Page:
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Gold’s heading higher, and here’s how I’m playing it: Technical trader

Trader bets on more upside for gold

Gold has traded in a range since the end of March, but Todd Gordon sees a rise in market volatility coming that could send the yellow metal higher.

The trader commented Thursday on CNBC's "Trading Nation" that recent comments by the Federal Reserve could spell more uncertainty in the market. Potential rate hikes aside, Fed minutes released on Wednesday from the March meeting stated its intent to start shrinking its $4.5 trillion balance sheet later this year.

"We're seeing some volatility in the markets," said Gordon. "I actually want to look at the gold market, which could be moving up here" off the uncertainty that could result from the Fed.

To determine just how high gold could climb, Gordon looked at a long-term chart of GLD, the ETF that tracks gold, dating back multiple years. According to Gordon, a "triple-test trendline" can be drawn on GLD starting from its peak back in 2012, with the line finishing just above current levels in GLD at the $123 to $125 mark. This leads Gordon to believe that should GLD bounce, it can hit the trendline again at around those levels.

"There are a couple sources of volatility and concern in the markets," explained Gordon. "I think that's going to be enough to punch the market through resistance to test that long-term downtrend from 2012."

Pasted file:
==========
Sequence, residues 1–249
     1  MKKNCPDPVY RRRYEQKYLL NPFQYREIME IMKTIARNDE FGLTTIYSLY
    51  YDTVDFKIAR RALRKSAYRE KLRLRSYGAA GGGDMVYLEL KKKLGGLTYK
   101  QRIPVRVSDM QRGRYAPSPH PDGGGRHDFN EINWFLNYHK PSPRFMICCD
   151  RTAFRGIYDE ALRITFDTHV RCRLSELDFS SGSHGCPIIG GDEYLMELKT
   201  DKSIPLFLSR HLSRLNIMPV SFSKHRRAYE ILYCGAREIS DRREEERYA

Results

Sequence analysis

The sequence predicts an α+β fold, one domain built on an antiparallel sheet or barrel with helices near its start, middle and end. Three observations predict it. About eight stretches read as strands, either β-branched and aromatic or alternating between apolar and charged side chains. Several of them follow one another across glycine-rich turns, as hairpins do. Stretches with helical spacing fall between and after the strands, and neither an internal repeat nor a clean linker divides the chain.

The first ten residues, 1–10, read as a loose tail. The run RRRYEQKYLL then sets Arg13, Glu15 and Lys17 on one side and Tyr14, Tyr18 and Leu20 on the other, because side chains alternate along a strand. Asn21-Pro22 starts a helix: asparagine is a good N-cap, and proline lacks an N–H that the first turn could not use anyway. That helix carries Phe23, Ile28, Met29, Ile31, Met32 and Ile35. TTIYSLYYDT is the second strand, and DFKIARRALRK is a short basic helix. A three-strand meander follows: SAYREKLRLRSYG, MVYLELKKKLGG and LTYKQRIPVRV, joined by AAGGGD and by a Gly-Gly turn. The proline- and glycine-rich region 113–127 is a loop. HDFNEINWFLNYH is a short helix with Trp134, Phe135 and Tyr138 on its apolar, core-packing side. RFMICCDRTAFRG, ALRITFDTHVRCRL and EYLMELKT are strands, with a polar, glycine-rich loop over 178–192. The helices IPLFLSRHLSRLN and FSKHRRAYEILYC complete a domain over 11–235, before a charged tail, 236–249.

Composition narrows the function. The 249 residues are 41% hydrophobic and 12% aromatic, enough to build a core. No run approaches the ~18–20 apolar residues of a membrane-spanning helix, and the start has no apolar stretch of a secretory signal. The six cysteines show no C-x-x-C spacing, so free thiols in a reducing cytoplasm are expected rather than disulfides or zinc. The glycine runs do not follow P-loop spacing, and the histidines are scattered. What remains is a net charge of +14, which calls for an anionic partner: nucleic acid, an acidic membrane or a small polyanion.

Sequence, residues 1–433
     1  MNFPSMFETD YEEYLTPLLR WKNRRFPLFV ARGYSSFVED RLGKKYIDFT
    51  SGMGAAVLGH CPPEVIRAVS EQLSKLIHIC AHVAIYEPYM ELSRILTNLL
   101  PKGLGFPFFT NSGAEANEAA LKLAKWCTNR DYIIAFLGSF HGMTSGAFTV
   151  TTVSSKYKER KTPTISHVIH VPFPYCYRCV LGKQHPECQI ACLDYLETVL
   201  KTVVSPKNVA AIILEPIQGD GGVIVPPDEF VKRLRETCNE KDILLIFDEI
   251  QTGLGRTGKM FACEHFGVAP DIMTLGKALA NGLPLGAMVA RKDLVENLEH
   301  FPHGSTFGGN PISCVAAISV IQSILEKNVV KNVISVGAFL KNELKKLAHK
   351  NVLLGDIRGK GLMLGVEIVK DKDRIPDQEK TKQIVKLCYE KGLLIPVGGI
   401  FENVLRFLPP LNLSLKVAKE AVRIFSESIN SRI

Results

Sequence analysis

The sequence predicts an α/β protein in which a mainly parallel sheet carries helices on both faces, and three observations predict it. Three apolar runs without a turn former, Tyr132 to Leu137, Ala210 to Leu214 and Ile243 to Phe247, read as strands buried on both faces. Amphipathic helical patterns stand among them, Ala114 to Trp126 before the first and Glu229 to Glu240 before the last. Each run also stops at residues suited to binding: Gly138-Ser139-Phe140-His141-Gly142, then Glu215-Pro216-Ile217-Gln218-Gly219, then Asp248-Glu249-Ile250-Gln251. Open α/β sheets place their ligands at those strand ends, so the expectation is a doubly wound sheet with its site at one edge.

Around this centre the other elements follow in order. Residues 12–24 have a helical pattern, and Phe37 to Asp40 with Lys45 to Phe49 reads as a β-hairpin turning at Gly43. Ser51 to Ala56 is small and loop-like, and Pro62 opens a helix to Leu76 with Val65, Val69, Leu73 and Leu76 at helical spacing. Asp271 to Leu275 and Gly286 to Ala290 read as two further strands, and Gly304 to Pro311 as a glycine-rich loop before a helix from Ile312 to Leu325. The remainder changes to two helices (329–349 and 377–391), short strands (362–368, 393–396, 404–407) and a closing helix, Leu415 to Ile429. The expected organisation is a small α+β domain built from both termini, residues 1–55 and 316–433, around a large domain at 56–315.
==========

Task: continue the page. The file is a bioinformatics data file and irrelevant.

But since gold has been trading in a range, Gordon wants to establish a safe level on his GLD trade in case it doesn't break out to hit the multiyear trendline. Gordon sees "resistance" at the $119 level dating back to 2015, and decides that this level is "support" for another move up in GLD.

Gordon is looking to sell the GLD May 5 weekly 119-strike put and buy the May monthly 117-strike put for a credit of 75 cents, or $75 per options spread. If GLD closes below $117 on May 6 expiration, Gordon would see a maximum loss of $125 on the trade; meanwhile, if it closes above $119, he will keep the entire $75.

While the trade has a skewed reward-to-risk ratio, Gordon's levels account for the possibility of GLD continuing to move sideways instead of breaking out.

"We just need the market to go sideways, up or even slightly down and you can still make money on the trade," he said.

Despite trading in a range, gold is still up almost 9 percent year to date.